Italian right-wing coalition makes a final push before the election | Italy

A conservative coalition expected to sweep to power in Italy’s general election on Sunday has wrapped up its campaign in a packed square in central Rome, filled with supporters old and new, young and not so young, a smattering of anti-abortion activists and a descendant of the fascist dictator Benito Mussolini.

The trio – led by Giorgia Meloni’s Brothers of Italy, a party with neo-fascist origins, and including Matteo Salvini’s far right and Silvio Berlusconi’s Forza Italia – has seen loud and robust support over recent months and remained relatively close together, in stark contrast to a campaign by its main rival, the centre-left Democratic Party, which has been so lackluster that it succeeded in reviving the populist Five Star Movement (M5S) in southern Italy.

The first to take to the stage at the closing rally in Rome on Thursday night was three-time former prime minister Berlusconi, who rattled off a list of his past achievements. Then came Salvini, who said that in office he would resume a policy of blocking migrants from landing in Italian ports. The most rapturous applause was reserved for Meloni, the 45-year-old from Rome who could become Italy’s first female prime minister.

Ask Meloni’s followers why they like her and the recurring answer is: “She’s coherent”. “Meloni’s ideas are always the same, they haven’t changed over the years,” said Francesca De Acutis. “To get this far, she never compromised.”

Maria Rachele Ruiu, a Brothers of Italy candidate who comes from the anti-abortion lobby group Pro Vita, said Meloni has been rewarded for her consistency. “She can be trusted,” she added. Ruiu said she was running for election to help promote policies that would “help women in financial difficulty carry out their pregnancy” instead of choosing to have an abortion.

Caio Mussolini, the great-grandson of the dictator who ran as a candidate for the Brothers of Italy in the 2019 European Parliament elections, was also in the crowd to give Meloni support.

He criticized the left’s campaign, saying “the specter of fascism is all they have […] This has been one of the worst campaigns, full of insults and attacks because they have no projects or ideas. They make my great grandfather immortal. In my opinion, fascism ended with his [death] in 1945.”

Final polls before the blackout period two weeks ago predicted a landslide victory for the group. But recently there has been a surprising surge in support for M5S in Italy’s poorer southern regions, where voters have responded to leader Giuseppe Conte’s pledge to preserve the party’s flagship policy, Citizens’ Income for the Poor.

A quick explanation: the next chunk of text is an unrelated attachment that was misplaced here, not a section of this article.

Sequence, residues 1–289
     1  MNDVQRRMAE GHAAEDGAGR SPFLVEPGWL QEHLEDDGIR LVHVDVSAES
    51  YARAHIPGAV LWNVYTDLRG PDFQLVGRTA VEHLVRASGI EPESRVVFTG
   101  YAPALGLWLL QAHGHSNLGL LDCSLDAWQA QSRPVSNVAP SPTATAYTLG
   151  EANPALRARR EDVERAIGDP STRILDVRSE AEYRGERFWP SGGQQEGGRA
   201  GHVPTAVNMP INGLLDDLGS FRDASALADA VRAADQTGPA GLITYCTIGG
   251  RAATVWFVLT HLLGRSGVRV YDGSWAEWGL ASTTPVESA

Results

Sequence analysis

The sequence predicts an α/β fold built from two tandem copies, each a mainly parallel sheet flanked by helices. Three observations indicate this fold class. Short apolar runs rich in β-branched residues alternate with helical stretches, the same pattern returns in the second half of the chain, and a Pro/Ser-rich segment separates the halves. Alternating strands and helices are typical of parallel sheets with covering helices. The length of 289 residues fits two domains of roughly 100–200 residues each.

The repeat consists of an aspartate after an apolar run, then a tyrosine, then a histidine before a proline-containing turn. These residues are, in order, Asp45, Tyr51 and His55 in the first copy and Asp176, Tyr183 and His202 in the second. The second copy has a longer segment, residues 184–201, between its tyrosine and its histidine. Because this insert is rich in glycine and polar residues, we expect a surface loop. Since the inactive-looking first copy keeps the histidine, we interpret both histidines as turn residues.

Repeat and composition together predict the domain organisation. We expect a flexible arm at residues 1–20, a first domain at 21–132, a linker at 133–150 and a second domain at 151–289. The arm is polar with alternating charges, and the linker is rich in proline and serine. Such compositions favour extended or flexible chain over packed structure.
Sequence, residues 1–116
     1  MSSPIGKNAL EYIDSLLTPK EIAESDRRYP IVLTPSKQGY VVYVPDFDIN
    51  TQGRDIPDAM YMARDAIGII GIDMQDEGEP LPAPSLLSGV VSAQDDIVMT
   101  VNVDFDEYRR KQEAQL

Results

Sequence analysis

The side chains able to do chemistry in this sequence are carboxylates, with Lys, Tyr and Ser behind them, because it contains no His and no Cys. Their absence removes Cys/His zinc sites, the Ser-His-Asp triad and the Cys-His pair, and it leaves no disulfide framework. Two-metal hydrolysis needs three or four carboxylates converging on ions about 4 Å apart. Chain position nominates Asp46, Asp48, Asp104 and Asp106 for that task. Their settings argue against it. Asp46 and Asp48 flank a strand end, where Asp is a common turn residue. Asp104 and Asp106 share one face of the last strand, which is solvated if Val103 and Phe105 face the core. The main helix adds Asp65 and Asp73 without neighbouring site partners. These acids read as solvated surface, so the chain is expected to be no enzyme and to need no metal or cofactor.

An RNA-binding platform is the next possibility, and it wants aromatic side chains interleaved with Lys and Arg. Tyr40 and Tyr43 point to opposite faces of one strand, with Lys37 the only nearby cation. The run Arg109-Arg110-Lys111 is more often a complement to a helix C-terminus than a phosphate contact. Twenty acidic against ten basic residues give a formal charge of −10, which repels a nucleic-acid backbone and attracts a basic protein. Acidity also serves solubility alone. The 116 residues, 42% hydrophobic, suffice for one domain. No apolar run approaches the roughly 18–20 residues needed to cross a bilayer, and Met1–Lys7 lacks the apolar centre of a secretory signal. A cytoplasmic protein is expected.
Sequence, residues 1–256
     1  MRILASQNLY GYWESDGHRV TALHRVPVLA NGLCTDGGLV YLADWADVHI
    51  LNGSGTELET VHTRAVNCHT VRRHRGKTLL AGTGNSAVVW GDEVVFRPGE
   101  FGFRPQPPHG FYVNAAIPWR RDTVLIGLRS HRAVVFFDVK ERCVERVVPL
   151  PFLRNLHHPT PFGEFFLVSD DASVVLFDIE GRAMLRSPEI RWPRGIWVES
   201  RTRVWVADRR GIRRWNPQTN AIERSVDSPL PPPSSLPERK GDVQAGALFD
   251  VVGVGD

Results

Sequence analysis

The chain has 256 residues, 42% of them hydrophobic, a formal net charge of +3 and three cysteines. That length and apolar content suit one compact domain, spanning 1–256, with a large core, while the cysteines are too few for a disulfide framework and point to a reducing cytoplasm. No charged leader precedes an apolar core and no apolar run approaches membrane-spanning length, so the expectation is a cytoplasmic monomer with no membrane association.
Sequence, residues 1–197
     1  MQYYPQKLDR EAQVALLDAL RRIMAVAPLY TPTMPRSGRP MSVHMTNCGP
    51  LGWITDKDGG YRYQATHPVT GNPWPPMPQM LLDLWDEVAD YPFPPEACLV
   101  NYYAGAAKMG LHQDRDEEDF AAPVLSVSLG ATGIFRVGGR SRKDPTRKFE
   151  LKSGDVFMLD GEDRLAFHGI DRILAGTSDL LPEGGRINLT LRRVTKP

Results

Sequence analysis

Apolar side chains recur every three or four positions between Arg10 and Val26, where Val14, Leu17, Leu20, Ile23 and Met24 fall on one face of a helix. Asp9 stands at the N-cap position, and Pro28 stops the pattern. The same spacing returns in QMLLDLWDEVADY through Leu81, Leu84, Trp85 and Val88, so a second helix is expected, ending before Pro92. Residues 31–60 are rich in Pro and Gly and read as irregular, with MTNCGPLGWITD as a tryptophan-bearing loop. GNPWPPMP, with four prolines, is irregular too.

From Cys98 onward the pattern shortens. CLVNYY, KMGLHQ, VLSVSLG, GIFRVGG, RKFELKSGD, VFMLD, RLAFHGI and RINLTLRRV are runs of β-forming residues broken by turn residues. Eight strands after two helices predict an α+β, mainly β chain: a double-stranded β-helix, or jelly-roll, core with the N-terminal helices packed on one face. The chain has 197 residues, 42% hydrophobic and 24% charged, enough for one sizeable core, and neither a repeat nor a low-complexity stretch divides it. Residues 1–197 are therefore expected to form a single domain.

Meloni’s plan to scrap the controversial policy, which cost the Italian government €7.1 billion.

Three million Italians benefit from the income, 70% of whom are in the south. In Sicily, Italy’s poorest region, almost 300,000 families receive the subsidy.

During a rally by Meloni in Palermo last week, many voters carried signs saying: “Don’t touch the citizens’ income”.

Conte told the Guardian the income had “set off a social storm”. “When people carry signs like that, it’s as if those voters are saying, ‘our dignity is inviolable, our freedom is inviolable,'” he said.

Further north, however, Meloni’s stance on the income has attracted support from employers, particularly bar and restaurant owners, who blame the policy for their struggles to hire staff.

Still, pundits have been taken back by M5S’s resurgence in the final phase of the election campaign, citing “secret polls” in recent days that predicted a boost for the party to around 15 or 16% of the vote, potentially enough to give the right the coalition a thinner majority and tampering with its unity, especially if the League, which measured around 12% before the blackout period, scores less than the M5S.

The M5S won 32% in the 2018 elections, but support was quickly depleted after a failed governing coalition with the League, and further waned under subsequent alliances with the Democratic Party and Mario Draghi’s broad unity government. The collapse of Draghi’s government in July was actually triggered by M5S. For the party to have a chance of re-entering the government, it must once again enter into a collaboration with the Democratic Party, whose leader, Enrico Letta, vowed on Friday “never again”.

The citizens’ income struggle may give M5S a boost, but will hardly change the course of these elections.

Wolfango Piccoli, the co-president of London-based research firm Teneo, said the same secret polls also maintained that the right would win with a majority. “The electoral system does not play very well for a party that only has a high concentration of votes in some regions,” he added.

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